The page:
The Ripples of Padilla


There is pushback from supporters of immigrant rights.

From Loudon County, Virginia comes news of defiance by a trial judge against the recent ruling from the Virginia Supreme Court in Morris/Chan which limited the use of certain writs by attorneys seeking postconviction relief under Padilla v. Kentucky.  In a 13-page opinion, the judge, Dean S. Worcester, granted a petition for writ of error coram vobis, finding a violation of Padilla because the petitioner was never advised by his attorney of the immigration consequences of his plea to  felony petit larceny.  Of course, the petitioner now faces the prospect of having to fight the larceny charge in trial or, more likely, to secure a agreement from the prosecutor in which he would plead to a non-deportable offense.  The case is Commonwealth v. Edgar Luis Cabrera and the opinion is available here.  The Washington Post has the story on Cabrera’s victory here.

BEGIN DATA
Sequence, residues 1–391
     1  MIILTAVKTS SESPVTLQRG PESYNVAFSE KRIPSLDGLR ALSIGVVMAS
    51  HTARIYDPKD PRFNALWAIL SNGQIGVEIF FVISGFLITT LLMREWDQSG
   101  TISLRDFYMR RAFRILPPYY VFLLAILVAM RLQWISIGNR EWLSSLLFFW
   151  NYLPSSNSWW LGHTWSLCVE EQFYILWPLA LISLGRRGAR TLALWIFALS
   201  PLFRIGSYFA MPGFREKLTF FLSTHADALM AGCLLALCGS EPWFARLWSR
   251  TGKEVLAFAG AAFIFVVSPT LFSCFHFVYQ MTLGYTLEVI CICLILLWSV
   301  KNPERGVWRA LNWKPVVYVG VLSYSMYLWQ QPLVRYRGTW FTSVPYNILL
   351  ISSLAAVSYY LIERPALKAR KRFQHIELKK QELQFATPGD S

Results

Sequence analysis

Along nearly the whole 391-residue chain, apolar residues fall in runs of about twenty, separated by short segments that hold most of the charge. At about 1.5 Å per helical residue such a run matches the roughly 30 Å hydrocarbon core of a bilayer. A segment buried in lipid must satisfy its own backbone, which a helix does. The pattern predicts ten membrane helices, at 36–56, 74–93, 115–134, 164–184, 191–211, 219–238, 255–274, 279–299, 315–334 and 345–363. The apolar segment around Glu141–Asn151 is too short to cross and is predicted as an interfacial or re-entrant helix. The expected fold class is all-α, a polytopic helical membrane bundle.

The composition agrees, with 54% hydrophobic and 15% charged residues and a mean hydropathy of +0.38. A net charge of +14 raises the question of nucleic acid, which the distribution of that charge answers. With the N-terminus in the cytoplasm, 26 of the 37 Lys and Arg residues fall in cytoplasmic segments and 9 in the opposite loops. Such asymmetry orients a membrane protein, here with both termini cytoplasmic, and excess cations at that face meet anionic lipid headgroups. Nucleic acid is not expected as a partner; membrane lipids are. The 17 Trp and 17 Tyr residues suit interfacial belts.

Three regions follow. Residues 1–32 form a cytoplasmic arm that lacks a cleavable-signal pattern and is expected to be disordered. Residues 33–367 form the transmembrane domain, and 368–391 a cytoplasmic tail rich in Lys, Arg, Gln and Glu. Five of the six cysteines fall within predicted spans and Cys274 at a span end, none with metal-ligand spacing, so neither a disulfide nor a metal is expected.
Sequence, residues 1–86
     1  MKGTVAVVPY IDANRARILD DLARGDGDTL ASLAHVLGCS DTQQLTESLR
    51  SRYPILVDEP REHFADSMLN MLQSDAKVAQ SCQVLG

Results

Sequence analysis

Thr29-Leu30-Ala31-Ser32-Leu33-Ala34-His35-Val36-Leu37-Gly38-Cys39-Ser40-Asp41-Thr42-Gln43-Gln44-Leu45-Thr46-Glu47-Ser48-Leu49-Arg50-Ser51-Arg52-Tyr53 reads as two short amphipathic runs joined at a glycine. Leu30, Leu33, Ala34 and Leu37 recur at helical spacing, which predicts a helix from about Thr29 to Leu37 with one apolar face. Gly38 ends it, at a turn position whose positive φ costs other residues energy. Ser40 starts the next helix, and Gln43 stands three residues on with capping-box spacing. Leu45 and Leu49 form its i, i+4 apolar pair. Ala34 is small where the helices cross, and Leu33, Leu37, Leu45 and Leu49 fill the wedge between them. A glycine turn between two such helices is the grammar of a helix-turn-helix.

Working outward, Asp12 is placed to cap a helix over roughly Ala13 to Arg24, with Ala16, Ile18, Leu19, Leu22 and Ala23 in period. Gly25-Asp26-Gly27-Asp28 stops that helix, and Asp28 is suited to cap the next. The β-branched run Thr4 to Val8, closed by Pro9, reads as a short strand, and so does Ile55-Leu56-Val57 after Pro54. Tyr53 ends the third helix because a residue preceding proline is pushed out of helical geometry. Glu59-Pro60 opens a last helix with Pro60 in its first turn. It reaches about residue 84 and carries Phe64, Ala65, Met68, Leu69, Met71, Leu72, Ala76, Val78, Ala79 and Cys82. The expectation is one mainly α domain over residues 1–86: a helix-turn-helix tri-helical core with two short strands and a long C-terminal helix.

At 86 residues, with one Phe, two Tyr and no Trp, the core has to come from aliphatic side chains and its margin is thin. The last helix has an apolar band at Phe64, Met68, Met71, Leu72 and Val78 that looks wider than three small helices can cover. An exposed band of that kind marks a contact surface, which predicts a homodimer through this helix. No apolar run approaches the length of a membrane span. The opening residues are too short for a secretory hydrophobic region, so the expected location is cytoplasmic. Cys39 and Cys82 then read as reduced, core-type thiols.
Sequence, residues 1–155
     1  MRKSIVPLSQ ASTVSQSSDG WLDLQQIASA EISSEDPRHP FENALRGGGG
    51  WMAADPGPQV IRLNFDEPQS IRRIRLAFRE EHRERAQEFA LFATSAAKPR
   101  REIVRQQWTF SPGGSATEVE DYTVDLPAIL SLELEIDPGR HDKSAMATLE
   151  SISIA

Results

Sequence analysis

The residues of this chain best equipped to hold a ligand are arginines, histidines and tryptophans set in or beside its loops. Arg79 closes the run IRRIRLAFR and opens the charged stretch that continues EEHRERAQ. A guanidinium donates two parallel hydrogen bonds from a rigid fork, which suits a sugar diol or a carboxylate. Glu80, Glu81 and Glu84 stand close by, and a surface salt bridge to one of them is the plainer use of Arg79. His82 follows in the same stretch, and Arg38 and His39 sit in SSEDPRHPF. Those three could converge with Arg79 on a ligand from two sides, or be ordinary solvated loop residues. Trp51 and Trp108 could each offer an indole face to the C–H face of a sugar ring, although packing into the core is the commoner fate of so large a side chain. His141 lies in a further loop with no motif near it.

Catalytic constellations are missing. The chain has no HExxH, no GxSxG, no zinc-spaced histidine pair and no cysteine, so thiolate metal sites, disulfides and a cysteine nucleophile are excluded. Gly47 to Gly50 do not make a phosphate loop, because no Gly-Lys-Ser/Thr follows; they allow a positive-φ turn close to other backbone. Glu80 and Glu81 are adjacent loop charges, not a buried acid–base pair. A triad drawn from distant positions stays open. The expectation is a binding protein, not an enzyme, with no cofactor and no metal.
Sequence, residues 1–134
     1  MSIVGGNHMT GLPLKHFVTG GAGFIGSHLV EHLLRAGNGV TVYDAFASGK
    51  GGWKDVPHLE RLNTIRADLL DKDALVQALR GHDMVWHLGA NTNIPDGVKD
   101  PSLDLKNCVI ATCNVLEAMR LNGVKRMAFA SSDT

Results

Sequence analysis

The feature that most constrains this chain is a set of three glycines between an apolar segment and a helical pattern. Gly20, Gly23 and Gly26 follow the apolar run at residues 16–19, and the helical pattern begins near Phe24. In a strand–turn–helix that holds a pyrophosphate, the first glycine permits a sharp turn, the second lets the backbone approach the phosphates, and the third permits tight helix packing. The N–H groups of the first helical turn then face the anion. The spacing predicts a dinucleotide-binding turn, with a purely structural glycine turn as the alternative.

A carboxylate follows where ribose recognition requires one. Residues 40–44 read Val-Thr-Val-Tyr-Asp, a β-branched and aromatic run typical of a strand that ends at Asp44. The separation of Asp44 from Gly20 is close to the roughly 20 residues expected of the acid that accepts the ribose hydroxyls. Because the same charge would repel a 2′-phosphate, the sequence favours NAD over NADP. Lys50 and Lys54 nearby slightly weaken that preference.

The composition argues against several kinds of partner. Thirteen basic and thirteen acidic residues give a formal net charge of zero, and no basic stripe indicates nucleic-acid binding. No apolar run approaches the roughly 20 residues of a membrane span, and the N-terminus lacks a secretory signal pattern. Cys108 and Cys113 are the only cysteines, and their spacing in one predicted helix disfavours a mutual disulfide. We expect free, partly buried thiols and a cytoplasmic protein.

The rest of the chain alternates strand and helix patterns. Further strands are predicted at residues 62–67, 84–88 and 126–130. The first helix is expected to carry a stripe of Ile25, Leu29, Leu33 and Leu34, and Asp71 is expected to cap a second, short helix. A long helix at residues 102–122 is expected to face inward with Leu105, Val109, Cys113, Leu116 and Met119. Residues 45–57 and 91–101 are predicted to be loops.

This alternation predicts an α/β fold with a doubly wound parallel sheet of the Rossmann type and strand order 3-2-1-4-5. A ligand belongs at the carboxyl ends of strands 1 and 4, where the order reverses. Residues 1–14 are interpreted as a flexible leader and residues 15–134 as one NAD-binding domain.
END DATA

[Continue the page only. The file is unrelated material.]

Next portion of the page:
Further up the eastern seaboard, in New Jersey, the Appellate Division reinstated a petition seeking postconviction relief under Padilla, which had been initially rejected by the trial court on the now increasingly common but no less incorrect basis of the petitioner’s plea colloquy with the court.  The appellate court noted that the questions posed to the petitioner during his plea colloquy were never designed to determine whether the petitioner received the level of effective assistance of counsel that Padilla now mandates.  Thus, it kicked the case back to the trial court for an evidentiary hearing.  There is some discussion of Padilla retroactivity, none which factored into the court’s ruling, however.  The case is State v. Frensel Gaitan and the opinion is available here.

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